Proceedings of HTR 2010 Prague, Czech Republic, October 18-20, 2010 Paper 205 reactivity coefficients, and neutron fluence to key Parameter Value components, such as the graphite moderator, vesselPower (MWt / MWe) 125 MWt/ ≥50MWe and heat exchangers. The following sectionsPrimary Coolant 2LiF-BeF2 describe the development of the neutronics modelPrimary Pressure ~1 atm and the fuel cycle lifetime calculation.Core Inlet Temperature 650ºCCore Outlet Temperature 700ºC III.A. Core ConfigurationsCore coolant flow rate 1020 kg/s The development of the SmAHTR fuel design isOperational Heat Removal 3 – 50% loops based on previous studies performed at ORNL .Passive Decay Heat 3 – 50% loops Work is on going to arrive at an optimal neutronics,Removal thermal-hydraulics, and structural design. The entirePower Conversion Brayton Cycle core is replaced as a single unit (a so-calledReactor Vessel Penetrations None “cartridge core” design). Two “stringer” fuel concepts, in which the fuel is contained in clustersTable 1: SmAHTR operating parameters. placed in the central hole of a hexagonal graphite moderator block, have been developed. These concepts are based either on solid cylindrical Brayton systems, and even indirect open-cycle compacts (as in the previous ORNL studies) orair Brayton systems (as operating temperatures annular fuel compacts. A third alternative based onincrease). Additionally, the high volumetric heat fuel elements employing fueled slabs or planks iscapacity of liquid salts (approximately four times also under development.that of sodium and 200 times that of helium),coupled with high heat-transfer coefficients III.A.1 Stringer Fuel Configurationachievable in compact heat exchanger designs,makes FHRs extremely attractive systems for a In the stringer fuel configuration, the active corevariety of process heat applications. consists of 19 hexagonal (45 cm pitch) fuel columns Supercritical CO2 Brayton power conversion each made of five stacked graphite moderator blockssystems appear to be a very good match for the for a total core height of 400 cm (Fig. 3). The700ºC SmAHTR. Supercritical CO2 enables moderator block contains a central circular channelextremely compact power conversion system that contains the fuel cluster assembly and coolantarchitectures that are well matched to the physical flow channel. The solid cylindrical fuel assembysize of SmAHTR. However, as noted, the initial contains 72 fuel pins and (2.8-cm diameter) 19SmAHTR concept is intended to be the basis for the graphite pins in a hexagonal array. The annular fueleventual evolution of small FHR systems operating concept has 15 fuel pins with central coolantat 850ºC and, ultimately, as high as 1000ºC. Carbon channels and 4 graphite moderator pins. These twodioxide is not feasible as a power conversion configurations are shown in Fig. 4. The active coreworking fluid at these temperatures due to thermal is surrounded by a radial graphite reflector with andecomposition. Helium and air are more suitable outer radius of 150 cm.working fluids for these higher temperatures. As The fuel consists of 19.75% enriched uraniummentioned, direct cycle air Brayton systems become kernels (in UC0.5O1.5 form) in TRISO particles,increasingly attractive as temperatures edge above which are in turn embedded in a graphite matrix800ºC. All three systems are currently underconsideration. III. THE SMAHTR CORE NEUTRONICS DESIGN The SmAHTR core neutronics configurationheavily leverages previous work performed insupport of the prismatic AHTR design, particularlythe use of a clustered fuel rod design contained ingraphite moderator blocks . The focus of theneutronics analysis to date has been the developmentof a reactor core model suitable for analysis of the Fig 3: SmAHTR core configuration showingSmAHTR fuel cycle length, power distribution, hexagonal arrangement of fuel stringers.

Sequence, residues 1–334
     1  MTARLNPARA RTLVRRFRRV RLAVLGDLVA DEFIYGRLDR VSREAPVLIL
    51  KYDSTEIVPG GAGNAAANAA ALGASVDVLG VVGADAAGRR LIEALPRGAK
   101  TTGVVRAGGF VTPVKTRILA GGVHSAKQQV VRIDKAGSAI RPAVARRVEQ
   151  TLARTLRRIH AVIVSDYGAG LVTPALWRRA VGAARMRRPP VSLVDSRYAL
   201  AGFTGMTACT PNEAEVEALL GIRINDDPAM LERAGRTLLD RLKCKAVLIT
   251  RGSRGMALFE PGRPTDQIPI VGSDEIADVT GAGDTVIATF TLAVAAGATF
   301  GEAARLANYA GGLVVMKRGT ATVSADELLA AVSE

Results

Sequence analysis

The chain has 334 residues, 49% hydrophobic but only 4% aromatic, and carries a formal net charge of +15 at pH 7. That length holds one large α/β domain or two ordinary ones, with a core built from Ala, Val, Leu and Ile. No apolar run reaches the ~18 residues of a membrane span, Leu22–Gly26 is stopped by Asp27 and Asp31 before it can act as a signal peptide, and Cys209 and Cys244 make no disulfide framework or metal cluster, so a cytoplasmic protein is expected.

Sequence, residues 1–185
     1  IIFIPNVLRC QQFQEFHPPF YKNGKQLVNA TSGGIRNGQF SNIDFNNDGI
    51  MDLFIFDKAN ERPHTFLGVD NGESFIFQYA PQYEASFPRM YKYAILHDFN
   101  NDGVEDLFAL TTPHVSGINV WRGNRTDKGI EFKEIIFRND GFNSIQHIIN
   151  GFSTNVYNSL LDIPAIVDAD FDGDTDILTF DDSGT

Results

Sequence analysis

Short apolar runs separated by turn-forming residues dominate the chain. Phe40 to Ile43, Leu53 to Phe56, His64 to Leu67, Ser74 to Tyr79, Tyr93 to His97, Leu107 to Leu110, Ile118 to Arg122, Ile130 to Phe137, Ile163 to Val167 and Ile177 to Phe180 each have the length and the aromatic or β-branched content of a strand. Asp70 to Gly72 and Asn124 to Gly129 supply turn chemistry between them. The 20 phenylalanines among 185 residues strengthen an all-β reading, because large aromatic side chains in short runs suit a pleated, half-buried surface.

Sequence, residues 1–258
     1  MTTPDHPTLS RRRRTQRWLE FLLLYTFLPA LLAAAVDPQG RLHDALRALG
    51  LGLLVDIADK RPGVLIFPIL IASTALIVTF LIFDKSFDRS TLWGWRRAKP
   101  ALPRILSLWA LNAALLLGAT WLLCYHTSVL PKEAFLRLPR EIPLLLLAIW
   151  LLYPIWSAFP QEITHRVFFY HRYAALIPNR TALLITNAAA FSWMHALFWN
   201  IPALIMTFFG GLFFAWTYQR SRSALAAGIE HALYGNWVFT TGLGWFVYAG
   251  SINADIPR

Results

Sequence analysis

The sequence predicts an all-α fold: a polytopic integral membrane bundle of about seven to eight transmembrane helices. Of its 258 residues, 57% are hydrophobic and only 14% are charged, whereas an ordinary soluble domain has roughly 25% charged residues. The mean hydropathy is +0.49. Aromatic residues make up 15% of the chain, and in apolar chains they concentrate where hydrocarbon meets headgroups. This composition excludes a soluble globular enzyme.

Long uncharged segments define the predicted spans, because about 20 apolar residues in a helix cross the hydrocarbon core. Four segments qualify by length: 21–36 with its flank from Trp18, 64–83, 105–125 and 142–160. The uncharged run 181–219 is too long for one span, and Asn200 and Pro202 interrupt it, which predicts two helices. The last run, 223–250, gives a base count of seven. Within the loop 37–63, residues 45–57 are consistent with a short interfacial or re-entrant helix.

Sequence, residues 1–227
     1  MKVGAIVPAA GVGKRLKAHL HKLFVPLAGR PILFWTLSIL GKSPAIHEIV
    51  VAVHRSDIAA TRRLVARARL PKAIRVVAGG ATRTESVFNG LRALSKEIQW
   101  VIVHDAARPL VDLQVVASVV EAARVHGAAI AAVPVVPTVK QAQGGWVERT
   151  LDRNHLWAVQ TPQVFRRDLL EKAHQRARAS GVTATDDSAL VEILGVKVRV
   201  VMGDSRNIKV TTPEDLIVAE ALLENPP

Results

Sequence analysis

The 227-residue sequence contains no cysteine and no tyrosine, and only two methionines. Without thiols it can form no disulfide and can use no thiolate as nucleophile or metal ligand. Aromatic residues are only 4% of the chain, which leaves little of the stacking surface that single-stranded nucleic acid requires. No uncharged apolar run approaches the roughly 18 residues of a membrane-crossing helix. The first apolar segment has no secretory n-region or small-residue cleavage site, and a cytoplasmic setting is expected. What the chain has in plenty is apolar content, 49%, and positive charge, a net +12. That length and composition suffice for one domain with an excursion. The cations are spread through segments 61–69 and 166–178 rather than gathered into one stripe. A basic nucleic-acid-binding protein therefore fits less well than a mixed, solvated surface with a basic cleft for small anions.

Proceedings of HTR 2010 Prague, Czech Republic, October 18-20, 2010 Paper 205 compact. The packing fraction of the TRISO particles in the fuel compacts is 40% – 50% by volume. III.A.2 Fuel Slab Configuration An alternative to the solid and annular stringer fuel concept discussed above is a fuel assembly concept in which the fuel consists of solid slabs, plates, or “planks”. In this case, the TRISO coated particle graphite fuel is loaded into vertical planks at up to 40 volume percent packing fraction. The Solid Cylindrical Design Fuel Channel design for this concept derives from the molten salt breeder reactor moderator plank conceptual design developed in the early 1970’s . The fuel planks are configured into a hexagonal grid and supported by a carbon-carbon composite internal support structure. This design has several advantages in terms of structural robustness. This approach also accommodates a larger volume of fuel in the core. An example of a fuel bundle of this design is shown as Fig 5. III.B. Core Neutronics Analysis Neutronics analysis has been completed for the Annual Design Fuel Channel stringer fuel designs. The evaluation of the cycle length of the SmAHTR core was performed usingFig 4: Solid cylindrical (top) and annular the three-dimensional TRITON depletion sequence(bottom) fuel configurations. in SCALE 6  that uses the Monte Carlo code KENO-VI as a transport solver. Because the depletion simulation uses a multigroup formalism that involves an additional problem-dependent crossFig 3: SmAHTR core (top) and fuel (bottom) sections evaluation step (“self-shielding”), andconfigurations. therefore additional approximations, the initial state modeled using the multigroup formalism was first verified against a continuous energy KENO-VI calculation. It was found that the multiplication constants for the two simulations agree very well: 1.3906 ± 0.0004 for the continuous energy simulation and 1.3898 ± 0.0002 for the multigroup simulation, confirming the suitability of the multigroup processing methodology. Analysis of three configurations were performed, two with solid cylindrical fuel compacts with packing fractions of 40% and 50% and one with an optimized annular design with a packing fraction of 50%. The results of the depletion analysis are presented in Table 2. Based on this analysis a four- year cycle can be achieved with the higher packing fraction. The annular design provides a improvement in cycle length over the cylindrical design becauseFig 5: Alternative SmAHTR fuel concept based of an increase in fuel loading. Therefore, the currenton fuel slab configuration. envisioned fuel cycle will consist of a whole-core replacement every four years. Note that the introduction of burnable absorbers and the use of the reactivity control system will be required to control excess reactivity. These reactivity control systems have yet to be analyzed.